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Therapeutic Strategies

Histiocytosis X/Langerhans Cell Histiocytose

Timothy Berger Bruce Wintroub

Saturday, January 01, 2011


Langerhans cell histiocytoses (Class I histiocytosis) are a group of disorders most common in childhood due to the accumulation or proliferation of a clonal population of cells bearing the phenotype of a Langerhans cell that has been arrested at an early stage of activation and is functionally deficient. This disorder is classified as single-system disease, multisystem disease, or multisystem disease with organ dysfunction. The skin is one of the most frequently affected organs in patients with both localized (skin only) and multisystem disease. The course in any patient varies from benign (usually associated with localized disease or multisystem disease without organ dysfunction) to severe and fatal, with internal organ dysfunction. Dysfunction of lungs, liver, and/or bone marrow are very poor prognostic signs. Skin-limited cases and sometimes systemic disease may spontaneously involute without therapy. Disease may recur after involution, even years later; therefore long-term follow-up is essential. Langerhans cell histiocytoses syndromes are uncommon, and most patients should be evaluated and usually managed at tertiary referral centers.

A staging system accurately determines which patients require and benefit from chemotherapy. Therapy is individualized to the patient's extent of disease and its effect on organ systems. Needless chemotherapy-induced morbidity should be avoided, with no or only local therapy for local disease. A biopsy of affected tissue for diagnoses should be performed. Evaluation for internal organ involvement is required in all patients to accurately stage them and determine appropriate treatment. Staging evaluation includes bone radiographs (skeletal survey), CBC with platelets, liver function tests including PT/PTT, chest radiograph, liver-spleen scan (if liver function testing is abnormal), bone marrow biopsy (if the CBC is abnormal), and urinalysis, serum electrolytes, perhaps water deprivation testing, and computed tomography of the brain (to look for diabetes insipidus). The discussion below is limited to the treatment of skin disease. Multisystem disease must be managed with the guidance of an experienced oncologist, preferably at a tertiary referral center.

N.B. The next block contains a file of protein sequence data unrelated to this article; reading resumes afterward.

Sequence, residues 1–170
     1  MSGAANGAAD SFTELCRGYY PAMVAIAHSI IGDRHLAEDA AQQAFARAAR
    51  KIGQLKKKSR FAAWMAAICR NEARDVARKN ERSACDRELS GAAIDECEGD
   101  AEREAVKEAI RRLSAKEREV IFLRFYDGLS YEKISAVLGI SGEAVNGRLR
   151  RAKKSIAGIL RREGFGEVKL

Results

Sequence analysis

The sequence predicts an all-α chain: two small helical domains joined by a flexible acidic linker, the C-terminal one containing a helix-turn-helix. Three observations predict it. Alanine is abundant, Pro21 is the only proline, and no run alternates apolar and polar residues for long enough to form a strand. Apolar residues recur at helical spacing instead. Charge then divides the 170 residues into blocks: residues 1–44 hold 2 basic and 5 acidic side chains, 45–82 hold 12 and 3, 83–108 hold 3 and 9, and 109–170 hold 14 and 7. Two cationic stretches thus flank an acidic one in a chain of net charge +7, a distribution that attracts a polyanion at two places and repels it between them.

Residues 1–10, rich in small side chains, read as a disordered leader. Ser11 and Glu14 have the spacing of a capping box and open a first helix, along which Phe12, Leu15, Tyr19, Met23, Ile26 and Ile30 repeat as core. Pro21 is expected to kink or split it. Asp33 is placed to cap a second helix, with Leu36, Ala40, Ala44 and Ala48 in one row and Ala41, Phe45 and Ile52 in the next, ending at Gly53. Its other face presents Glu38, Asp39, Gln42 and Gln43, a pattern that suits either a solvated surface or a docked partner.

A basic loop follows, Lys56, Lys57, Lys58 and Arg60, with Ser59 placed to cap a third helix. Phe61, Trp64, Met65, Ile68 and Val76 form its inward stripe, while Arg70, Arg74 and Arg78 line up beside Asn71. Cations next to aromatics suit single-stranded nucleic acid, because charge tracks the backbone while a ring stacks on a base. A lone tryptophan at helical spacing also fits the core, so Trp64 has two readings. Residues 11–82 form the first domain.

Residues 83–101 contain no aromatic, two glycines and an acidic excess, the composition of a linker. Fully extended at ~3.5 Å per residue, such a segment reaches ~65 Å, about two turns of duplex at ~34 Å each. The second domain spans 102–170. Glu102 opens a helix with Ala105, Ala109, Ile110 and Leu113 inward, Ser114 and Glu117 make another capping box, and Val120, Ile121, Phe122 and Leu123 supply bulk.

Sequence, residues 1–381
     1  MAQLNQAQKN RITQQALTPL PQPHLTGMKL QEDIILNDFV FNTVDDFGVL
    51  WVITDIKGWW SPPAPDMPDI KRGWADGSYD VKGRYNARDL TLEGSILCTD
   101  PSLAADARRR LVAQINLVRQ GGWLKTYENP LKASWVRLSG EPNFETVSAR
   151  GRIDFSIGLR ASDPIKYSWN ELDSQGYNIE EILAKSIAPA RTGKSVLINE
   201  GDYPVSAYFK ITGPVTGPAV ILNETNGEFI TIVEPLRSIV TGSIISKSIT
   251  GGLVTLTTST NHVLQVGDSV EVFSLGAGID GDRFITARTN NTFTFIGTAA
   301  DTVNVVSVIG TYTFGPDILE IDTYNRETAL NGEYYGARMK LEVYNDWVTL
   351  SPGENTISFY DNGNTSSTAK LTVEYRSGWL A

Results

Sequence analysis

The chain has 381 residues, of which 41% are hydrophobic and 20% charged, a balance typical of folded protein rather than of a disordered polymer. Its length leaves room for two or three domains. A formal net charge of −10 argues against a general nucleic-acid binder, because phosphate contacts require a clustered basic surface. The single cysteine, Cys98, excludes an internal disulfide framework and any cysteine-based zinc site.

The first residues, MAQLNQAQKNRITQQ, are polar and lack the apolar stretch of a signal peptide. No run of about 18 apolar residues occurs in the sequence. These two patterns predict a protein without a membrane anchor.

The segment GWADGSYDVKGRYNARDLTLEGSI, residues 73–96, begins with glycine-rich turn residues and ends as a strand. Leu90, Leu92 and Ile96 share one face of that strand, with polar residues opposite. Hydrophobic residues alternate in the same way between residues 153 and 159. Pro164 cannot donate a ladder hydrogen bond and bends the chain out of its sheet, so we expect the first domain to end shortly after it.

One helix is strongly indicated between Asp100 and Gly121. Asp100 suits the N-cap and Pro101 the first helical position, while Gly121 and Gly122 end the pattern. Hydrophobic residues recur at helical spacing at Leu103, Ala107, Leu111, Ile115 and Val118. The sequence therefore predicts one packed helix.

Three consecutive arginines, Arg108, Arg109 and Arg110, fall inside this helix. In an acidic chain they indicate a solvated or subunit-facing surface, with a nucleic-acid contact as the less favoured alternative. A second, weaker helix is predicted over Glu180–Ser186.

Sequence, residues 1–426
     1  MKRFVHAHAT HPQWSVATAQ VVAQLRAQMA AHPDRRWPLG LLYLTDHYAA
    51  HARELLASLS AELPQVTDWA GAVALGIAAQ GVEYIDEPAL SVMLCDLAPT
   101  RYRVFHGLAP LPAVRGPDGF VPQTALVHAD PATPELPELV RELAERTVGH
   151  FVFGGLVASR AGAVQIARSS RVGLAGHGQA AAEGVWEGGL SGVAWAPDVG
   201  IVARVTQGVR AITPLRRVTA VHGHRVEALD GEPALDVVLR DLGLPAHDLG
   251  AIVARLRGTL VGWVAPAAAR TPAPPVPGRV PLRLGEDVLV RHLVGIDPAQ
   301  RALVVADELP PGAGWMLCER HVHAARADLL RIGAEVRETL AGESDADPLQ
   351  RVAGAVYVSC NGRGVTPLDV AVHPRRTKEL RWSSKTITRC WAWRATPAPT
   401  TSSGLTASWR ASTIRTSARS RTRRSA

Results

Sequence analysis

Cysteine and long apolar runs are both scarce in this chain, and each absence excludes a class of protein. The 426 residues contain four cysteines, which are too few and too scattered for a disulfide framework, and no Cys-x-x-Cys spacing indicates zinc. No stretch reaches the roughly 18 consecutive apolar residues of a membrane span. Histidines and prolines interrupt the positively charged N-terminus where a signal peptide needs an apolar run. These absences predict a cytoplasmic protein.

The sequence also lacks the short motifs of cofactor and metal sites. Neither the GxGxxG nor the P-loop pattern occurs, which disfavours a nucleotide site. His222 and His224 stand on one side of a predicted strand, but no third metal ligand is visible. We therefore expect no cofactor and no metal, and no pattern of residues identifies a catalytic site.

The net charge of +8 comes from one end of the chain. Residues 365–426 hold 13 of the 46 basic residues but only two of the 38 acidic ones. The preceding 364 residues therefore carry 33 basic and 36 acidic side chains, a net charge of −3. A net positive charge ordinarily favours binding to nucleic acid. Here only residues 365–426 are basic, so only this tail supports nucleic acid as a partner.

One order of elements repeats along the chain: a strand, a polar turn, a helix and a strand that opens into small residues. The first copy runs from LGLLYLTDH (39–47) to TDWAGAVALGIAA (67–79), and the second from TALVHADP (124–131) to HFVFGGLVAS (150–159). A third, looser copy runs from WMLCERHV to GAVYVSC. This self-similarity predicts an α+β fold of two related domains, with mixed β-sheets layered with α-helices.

First Steps

Patients may be observed without therapy. Autoinvolution often occurs.

Alternative Steps

  1. For a solitary lesion, excision may be curative.
  2. Topical nitrogen mustard 20 mg/100 mL tap water applied once daily until the lesions clear (several weeks). Weekly or biweekly maintenance therapy may be required.

Subsequent steps

  1. For patients who have failed treatment with nitrogen mustard, systemic PUVA twice weekly is recommended. Maintenance may be required.
  2. Prednisone alone, up to 2 mg/kg in children, may be used for extensive, unresponsive cutaneous disease.
  3. Trimethoprim/sulphamethoxazole 12-15 mg/kg/day for 1-3 months may be effective in children.
  4. Thalidomide 100 mg/day for 1 month, then 50 mg/day for 1-2 months.
  5. Isotretinoin 1.5 mg/kg/day for 6 or more months may induce a remission.
  6. For severe skin-limited disease, single agent chemotherapy may be considered. Effective agents have included methotrexate, vinblastine, 6-mercaptopurine, and etoposide. Alpha interferon in doses of up to 6 million units daily can be used in refractory disease. While cyclosporine in high doses 12 mg/kg/day leads to resolution of skin disease, relapses frequently occur.


  1. Congenital self-healing reticulohistiocytosis is a benign Langerhans cell histiocytosis. This diagnosis should be entertained in neonates with lesions over 1 cm and skin involvement only. As the name implies, autoinvolution occurs universally by 3 months.
  2. Severe combined immunodeficiency syndrome and graft vs. host disease may closely mimic Langerhans cell histiocytosis. In Langerhans cell histiocytosis, most patients are immunologically normal prior to therapy when evaluated by standard tests.
  3. Morbidity and mortality may be reduced by appropriate nonaggressive therapy (often no therapy). Do not produce unnecessary permanent sequelae from overaggressive local or systemic treatments.
  4. Long-term follow-up is essential to detect disease relapse and to monitor for long-term complications (cosmetic, orthopaedic, hearing impairment, loss of permanent teeth, pulmonary fibrosis, cor pulmonale, portal hypertension, cirrhosis, endocrinologic disorders from pituitary involvement, and second malignancies).

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